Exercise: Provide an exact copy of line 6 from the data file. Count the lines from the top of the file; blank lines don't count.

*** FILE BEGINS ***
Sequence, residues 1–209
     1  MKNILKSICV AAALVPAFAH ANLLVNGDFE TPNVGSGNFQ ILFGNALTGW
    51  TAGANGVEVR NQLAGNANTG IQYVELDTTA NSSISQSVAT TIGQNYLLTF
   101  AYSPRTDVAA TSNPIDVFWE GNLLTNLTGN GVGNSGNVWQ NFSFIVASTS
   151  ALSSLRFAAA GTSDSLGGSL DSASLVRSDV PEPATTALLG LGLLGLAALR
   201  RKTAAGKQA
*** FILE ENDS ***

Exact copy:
   201  RKTAAGKQA